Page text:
The content below is entirely editable.

We could use some help on this page. Hit the edit button to get started.

In a remarkably three-dimensional "2D Universe," female agents are dispatched to destroy the 3D Earth. Instead, they decide to stay with two Japanese boys and live a happy life of unwedded bliss and teen angst. One day, they decide to go on holiday in Osaka, a city long-neglected in anime since being buried under a mass of tentacles and spooge in Urotsukidoji. In this anime based on Silent Möbius-creator Kia Asamiya's 1991 love-comedy in Comic Afternoon, Osaka becomes the venue for two naked female assassins sent from the 2D universe to terminate the turncoat terminators. They attempt to blend in by loading Osaka language chips, which turns them into a pair of bitchy game-show hosts, but their gags will fall flat on an audience ignorant of Osaka's manzai comedy tradition (see Jarinko Chie).

Much of the humor rests on the unique attitude and accent of Osaka's people-which could be described as Chicago gangster-talk and New York sarcasm combined with a ludicrous love of yen. The dubbing script tries to approximate the Osaka accent as a mix of Valley girls, Jersey longshoremen, and cretins, but, although there is a lengthy discourse on the history of Osaka baseball, this episode is almost incomprehensible without a set of liner notes, sadly lacking in AD Vision's translation.

Once the shapely Terminators ("We put the ass in Assassins!") have been defeated, the unfeasibly thick-haired Compiler fights with would-be beau Nachi about his flirting ways. Meanwhile, the innocent Assembler tries (unsuccessfully) to seduce Nachi's brother in a simple tale of Tokyo marital discord that was originally the first episode, switched by the U.S. distributor with the zanier second presumably to hold viewers' attention.

Redeeming features include a score from Golgo 13's Omori that pastiches the Godzilla theme as Osaka food franchise logos turn into giant monsters and smash up "famous" landmarks, including the Hanshin Expressway, that would be destroyed for real in the following year's Kobe earthquake. Hummingbirds-director Murayama also provides clever moments such as background fountains that spurt in time with Compiler's anger and rubber-necking passers-by that add a really human touch to her argument with Nachi. But even these finesses can't rescue a show whose original raison d'être was not to entertain so much as to advertise.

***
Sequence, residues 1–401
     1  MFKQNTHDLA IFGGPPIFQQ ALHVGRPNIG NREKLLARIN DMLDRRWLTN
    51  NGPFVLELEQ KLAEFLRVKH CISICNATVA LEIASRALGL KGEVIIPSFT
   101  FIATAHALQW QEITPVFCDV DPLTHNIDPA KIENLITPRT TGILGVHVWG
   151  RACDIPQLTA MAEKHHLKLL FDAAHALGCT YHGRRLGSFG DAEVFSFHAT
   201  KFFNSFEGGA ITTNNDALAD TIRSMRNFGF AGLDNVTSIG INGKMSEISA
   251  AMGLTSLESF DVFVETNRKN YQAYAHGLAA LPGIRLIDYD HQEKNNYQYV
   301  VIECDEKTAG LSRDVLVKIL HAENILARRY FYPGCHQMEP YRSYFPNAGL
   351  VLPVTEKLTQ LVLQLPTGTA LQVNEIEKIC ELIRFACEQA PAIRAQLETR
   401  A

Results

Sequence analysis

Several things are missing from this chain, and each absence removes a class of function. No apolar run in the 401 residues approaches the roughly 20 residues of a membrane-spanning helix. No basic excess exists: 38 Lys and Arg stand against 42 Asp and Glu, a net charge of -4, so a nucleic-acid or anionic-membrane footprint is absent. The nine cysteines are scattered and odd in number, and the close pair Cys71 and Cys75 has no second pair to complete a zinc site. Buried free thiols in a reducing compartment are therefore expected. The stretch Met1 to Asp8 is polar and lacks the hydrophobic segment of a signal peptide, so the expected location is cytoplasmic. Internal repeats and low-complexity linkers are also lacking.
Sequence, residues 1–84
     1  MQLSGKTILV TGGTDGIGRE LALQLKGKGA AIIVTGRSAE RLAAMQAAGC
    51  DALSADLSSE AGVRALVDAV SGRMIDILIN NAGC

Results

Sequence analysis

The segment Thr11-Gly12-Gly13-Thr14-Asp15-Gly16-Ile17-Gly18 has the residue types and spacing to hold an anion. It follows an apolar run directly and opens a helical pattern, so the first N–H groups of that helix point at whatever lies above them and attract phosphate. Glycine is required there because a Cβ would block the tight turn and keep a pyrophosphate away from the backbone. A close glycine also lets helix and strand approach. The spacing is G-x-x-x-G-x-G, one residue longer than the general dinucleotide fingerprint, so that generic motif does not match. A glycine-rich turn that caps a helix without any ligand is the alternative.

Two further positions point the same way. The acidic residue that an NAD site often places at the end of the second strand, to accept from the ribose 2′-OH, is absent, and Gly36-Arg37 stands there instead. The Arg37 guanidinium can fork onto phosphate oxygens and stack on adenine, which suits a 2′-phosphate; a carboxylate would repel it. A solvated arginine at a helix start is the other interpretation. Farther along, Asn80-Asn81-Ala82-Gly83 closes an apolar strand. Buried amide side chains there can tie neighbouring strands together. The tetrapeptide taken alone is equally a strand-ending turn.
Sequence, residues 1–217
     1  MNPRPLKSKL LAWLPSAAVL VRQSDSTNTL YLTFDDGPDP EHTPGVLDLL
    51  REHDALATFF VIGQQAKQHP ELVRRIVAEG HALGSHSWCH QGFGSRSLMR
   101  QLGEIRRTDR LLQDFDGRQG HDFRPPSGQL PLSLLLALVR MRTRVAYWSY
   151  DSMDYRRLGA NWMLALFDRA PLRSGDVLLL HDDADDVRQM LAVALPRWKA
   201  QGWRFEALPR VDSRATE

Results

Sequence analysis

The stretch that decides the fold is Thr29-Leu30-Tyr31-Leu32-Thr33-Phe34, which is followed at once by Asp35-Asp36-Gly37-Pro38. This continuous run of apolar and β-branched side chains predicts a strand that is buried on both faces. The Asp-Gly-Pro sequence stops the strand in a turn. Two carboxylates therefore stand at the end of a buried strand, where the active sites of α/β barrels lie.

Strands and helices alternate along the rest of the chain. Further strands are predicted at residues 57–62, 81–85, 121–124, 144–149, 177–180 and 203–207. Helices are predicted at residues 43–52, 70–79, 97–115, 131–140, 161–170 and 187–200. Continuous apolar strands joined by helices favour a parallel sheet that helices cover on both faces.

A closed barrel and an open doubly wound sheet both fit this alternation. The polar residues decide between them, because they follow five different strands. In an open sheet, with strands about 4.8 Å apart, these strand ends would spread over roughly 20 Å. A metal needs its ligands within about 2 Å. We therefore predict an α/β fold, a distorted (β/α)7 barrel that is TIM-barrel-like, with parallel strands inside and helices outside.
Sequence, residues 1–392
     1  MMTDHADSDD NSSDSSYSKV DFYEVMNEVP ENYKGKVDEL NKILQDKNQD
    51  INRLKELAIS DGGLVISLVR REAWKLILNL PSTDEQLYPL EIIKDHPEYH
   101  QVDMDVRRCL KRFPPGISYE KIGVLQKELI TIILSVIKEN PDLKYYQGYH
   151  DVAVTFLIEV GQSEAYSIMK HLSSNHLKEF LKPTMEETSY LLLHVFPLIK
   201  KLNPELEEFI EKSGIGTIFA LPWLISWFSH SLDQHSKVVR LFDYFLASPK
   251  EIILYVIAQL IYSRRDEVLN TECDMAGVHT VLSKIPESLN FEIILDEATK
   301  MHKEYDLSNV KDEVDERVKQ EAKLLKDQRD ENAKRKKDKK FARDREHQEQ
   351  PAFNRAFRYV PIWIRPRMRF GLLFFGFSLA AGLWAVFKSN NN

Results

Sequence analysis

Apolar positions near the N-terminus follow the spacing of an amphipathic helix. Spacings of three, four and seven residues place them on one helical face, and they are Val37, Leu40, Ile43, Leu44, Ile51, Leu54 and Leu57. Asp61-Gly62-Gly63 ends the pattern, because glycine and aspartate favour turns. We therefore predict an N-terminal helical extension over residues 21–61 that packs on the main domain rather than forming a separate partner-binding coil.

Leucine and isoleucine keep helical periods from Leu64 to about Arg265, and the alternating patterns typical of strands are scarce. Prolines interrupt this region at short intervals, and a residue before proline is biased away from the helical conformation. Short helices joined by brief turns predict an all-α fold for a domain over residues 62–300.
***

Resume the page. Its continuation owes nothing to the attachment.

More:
A marketing tool designed to re-mind Japanese viewers of a manga that remains untranslated in English, Compiler has little purpose in the U.S. market. It follows late on the heels of Music Clips in Trackdown, a 1990 music video also designed to promote the Compiler characters but without the pretense of a plot. Sections from this early work are used in the closing credits to Compiler Festa (released as just plain Compiler 2 in the U.S.), the final episode in which the 2D universe sends White Compiler, a deadly upgrade of our heroine, who is defeated again by homespun Earth boys and wisecracking alien girls. N

Characters & Voice Actors

Add a character to this episode
We don't have any characters attached to this episode. Help us fill it in!


Add a credit to Compiler. (No voice actors. Add voice actors to characters above.)
We don't have any credits attached to this movie. Help us fill it in!

Original US Poster Art

General Information Edit
Name: Compiler
Release Date: Jan. 1, 1994
Release Date:
Rating: None
Runtime: 45 (mins)
Add a new genre

Add a new theme

Franchise Edit
We don't have any info about Compiler's related franchises. Help us fill it in!
Similar Edit
We don't have any info about Compiler's related movies. Help us fill it in!
Associations Edit
We don't have any info about Compiler's related things. Help us fill it in!
Top Editors
Mandatory Network

Submissions can take several hours to be approved.

Save ChangesCancel